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This year, about 2,000 women will be diagnosed with breast cancer in Ireland. Over the last 10 years, a new 'targeted' therapy called Herceptin has been used successfully to treat women with HER-2 positive breast cancer. HER2 is important for the growth of breast cancer cells. However, only 20-25% of breast cancers use HER2 to drive their growth. Those that do can be treated with Herceptin, but many will eventually progress and become resistant to the treatment. This poses important questions for us. First, how do we choose women who will become resistant to Herceptin and second, can we identify new drug combinations to overcome or reverse this resistance? Cancers that become resistant to Herceptin may have activated other growth pathways to help them to continue to survive. We will investigate 2 of these pathways to see how they are involved in resistance. If successful, blocking these pathways might provide an alternative route for treating these women.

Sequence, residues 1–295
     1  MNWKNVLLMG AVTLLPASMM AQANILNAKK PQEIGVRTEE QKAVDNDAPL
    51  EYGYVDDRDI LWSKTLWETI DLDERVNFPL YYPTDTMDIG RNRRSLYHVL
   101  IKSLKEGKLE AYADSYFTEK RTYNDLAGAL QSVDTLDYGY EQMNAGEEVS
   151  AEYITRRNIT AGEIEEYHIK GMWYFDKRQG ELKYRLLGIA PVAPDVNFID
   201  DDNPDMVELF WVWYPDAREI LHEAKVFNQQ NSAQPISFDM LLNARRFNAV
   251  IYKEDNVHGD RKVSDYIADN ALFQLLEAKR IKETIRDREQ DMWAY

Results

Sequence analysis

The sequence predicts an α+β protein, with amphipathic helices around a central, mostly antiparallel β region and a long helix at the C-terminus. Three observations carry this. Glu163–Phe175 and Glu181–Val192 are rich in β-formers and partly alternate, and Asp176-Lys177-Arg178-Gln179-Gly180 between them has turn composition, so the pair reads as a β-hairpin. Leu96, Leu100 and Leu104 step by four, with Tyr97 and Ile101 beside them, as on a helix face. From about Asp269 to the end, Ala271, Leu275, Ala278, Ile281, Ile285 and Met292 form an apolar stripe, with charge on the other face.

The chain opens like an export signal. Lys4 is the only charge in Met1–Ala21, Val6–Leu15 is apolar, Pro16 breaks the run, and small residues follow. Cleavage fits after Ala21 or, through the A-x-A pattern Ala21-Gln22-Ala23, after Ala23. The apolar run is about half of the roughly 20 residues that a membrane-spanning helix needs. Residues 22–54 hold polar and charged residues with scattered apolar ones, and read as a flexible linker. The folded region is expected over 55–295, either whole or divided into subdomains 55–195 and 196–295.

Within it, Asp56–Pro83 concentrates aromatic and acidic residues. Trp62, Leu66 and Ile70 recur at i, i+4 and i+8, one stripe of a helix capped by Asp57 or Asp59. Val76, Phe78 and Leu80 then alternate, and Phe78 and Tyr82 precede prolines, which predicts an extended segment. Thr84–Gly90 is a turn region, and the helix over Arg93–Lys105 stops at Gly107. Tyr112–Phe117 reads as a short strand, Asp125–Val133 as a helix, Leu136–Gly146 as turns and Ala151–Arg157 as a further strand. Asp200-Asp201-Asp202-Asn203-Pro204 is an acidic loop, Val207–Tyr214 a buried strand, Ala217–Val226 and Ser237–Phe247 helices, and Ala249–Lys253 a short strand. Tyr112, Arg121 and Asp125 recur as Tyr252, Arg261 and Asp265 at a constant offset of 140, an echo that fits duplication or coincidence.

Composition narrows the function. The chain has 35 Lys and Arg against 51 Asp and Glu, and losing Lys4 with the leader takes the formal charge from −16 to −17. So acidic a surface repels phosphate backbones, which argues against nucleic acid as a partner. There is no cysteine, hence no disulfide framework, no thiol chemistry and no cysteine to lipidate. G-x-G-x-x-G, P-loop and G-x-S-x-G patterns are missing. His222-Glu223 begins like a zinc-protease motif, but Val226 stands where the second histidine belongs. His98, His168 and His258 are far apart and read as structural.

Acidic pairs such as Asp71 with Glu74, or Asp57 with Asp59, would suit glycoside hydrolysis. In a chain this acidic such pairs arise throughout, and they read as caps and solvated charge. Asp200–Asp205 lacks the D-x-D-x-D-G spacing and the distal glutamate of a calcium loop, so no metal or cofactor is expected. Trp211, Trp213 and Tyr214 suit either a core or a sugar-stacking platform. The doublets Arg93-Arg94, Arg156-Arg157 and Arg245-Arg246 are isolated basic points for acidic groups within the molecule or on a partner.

Breast cancer patients who overexpress a protein called HER2 are treated with a targeted therapy called Herceptin. While Herceptin treatment resulted in a remarkable improvement in patient outcome for HER2 positive patients, resistance to Herceptin treatment often occurs in a significant proportion of patients.This study aims to understand this mechanism of Herceptin resistance.The project also aims to identify new drug combinations which may be used to overcome or reverse this resistance to Herceptin.
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